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Riv Biol. 2007 Jan-Apr;100(1):119-46.

Genetics and virology: two interdisciplinary branches of biology.

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  • 1Istituto di Virologia vegetale del CNR, Strada delle Cacce 73, Torino, Italy.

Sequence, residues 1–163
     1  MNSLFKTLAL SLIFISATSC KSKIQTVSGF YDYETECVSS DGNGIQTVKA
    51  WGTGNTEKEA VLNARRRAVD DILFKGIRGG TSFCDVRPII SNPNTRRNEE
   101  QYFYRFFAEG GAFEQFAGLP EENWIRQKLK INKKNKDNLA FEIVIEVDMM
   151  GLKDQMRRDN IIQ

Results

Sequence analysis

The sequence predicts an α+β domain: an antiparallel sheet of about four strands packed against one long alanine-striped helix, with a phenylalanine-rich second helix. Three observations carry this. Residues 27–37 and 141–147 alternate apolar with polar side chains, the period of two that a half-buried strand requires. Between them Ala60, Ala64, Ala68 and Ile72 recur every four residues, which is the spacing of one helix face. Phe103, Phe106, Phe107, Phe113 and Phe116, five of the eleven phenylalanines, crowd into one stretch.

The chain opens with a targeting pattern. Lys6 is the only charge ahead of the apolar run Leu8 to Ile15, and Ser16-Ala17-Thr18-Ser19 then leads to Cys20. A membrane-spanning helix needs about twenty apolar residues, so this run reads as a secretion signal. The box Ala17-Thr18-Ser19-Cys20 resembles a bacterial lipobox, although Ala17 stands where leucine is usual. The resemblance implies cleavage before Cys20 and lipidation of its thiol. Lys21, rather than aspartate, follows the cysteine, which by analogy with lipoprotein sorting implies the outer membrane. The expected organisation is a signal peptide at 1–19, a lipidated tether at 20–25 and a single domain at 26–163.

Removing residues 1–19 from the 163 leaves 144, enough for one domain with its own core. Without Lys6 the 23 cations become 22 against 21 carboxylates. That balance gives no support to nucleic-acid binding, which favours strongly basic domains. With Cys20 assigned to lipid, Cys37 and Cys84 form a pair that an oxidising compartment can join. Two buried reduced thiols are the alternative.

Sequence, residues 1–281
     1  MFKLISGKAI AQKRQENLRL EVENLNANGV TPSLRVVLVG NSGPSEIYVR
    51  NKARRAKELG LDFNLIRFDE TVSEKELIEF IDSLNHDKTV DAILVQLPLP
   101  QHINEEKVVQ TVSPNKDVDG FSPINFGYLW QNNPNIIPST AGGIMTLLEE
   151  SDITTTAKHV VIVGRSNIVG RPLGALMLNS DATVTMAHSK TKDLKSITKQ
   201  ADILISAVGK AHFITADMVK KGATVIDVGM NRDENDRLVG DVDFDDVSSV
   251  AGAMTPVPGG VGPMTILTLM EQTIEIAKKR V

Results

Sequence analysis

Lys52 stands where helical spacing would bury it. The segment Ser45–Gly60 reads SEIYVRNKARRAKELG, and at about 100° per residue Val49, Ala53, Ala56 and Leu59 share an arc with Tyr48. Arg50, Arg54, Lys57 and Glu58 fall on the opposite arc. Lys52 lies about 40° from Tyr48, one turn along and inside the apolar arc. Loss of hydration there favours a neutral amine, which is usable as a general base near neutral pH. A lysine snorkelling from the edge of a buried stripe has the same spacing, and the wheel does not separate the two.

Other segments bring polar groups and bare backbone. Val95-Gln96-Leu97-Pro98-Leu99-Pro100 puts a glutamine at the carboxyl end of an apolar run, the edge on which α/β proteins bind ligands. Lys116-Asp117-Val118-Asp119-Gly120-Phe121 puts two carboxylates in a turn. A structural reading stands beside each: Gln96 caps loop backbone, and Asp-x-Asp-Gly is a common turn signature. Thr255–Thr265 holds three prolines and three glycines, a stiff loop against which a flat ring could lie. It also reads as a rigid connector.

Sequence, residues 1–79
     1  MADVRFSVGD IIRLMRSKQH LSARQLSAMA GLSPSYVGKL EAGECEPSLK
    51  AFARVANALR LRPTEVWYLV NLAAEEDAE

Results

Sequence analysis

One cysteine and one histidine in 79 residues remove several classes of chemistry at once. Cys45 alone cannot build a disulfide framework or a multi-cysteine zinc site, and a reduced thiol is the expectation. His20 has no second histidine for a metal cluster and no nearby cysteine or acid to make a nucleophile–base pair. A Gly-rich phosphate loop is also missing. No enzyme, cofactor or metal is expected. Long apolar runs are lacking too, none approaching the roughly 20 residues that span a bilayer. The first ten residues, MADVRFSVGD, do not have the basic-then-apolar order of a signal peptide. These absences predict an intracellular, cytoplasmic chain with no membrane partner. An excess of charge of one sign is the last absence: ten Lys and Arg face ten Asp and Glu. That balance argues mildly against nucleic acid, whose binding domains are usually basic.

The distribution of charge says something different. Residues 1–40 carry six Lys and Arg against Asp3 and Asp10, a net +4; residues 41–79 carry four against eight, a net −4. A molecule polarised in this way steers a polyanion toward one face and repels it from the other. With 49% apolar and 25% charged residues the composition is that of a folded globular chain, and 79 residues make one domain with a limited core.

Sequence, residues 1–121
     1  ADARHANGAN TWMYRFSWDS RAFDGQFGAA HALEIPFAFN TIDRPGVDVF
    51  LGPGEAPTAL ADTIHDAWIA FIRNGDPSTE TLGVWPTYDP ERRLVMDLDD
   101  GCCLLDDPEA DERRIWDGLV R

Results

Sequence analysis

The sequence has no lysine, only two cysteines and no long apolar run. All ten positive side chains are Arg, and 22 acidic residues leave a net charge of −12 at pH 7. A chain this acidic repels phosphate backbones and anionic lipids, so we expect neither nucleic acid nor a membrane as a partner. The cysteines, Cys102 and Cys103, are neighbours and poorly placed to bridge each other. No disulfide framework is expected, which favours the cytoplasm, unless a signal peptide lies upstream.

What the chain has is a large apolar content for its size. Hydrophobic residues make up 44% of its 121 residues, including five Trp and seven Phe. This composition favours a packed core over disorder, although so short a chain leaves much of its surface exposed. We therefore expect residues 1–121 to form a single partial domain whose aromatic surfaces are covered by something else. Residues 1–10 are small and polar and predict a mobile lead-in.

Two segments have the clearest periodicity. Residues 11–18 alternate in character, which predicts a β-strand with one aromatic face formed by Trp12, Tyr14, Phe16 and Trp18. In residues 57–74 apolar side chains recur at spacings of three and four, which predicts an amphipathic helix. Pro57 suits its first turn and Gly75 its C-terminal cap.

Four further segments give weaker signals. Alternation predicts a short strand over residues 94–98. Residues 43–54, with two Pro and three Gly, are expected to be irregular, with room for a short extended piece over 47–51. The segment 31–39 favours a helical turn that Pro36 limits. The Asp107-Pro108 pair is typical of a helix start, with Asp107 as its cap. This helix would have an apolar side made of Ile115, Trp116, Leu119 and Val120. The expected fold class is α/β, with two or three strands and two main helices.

Genetics has a tradition that dates back to the Ancient Greeks. It developed, between insight and contradiction, from the post-Renaissance to the mid-1800s, when Mendel and Darwin gave it the first experimental and conceptual bases. From 1910, genetics became a true experimental discipline of Biology thanks to the work of Morgan's group. On the contrary, virology is a relatively young discipline which had origin only after the success of the "germ theory" of Pasteur and Koch, by the hypothesis of the contagium vivum fluidum of Beijerinck, in 1898. In spite of their historical difference, the modern development of the two disciplines had a close connection. In 1922, the geneticist Muller first compared the bacteriophage to the gene and, in 1923, the (phyto)physiologists Benjamin Duggar and Joanne Karrer Armstrong suggested the analogy between gene and Tobacco mosaic virus (TMV). Knowledge on the biochemical nature of gene and virus developed in the early 1940s when the biochemists began to suspect that the nucleic acids might be the genetical determinants for both the bionts. Avery and co-workers discovered in 1944 that DNA was the principle of the transmission of hereditary characters in bacteria and, in 1948, a little group of English (phyto)virologists (Markham, Matthews and Smith) discovered that the RNA of a plant virus (Turnip yellow mosaic virus) was directly involved in virus replication. The fundamental significance of the two discoveries was not gathered by geneticists and virologists, even because the respective groups did not gave the necessary emphasis to their results. Thus, the discovery of the role of the nucleic acids in virus replication is historically attributed to Hershey and Chase for DNA phage, and to Fraenkel-Conrat and the German virologists Gierer and Schramm for plant viruses.

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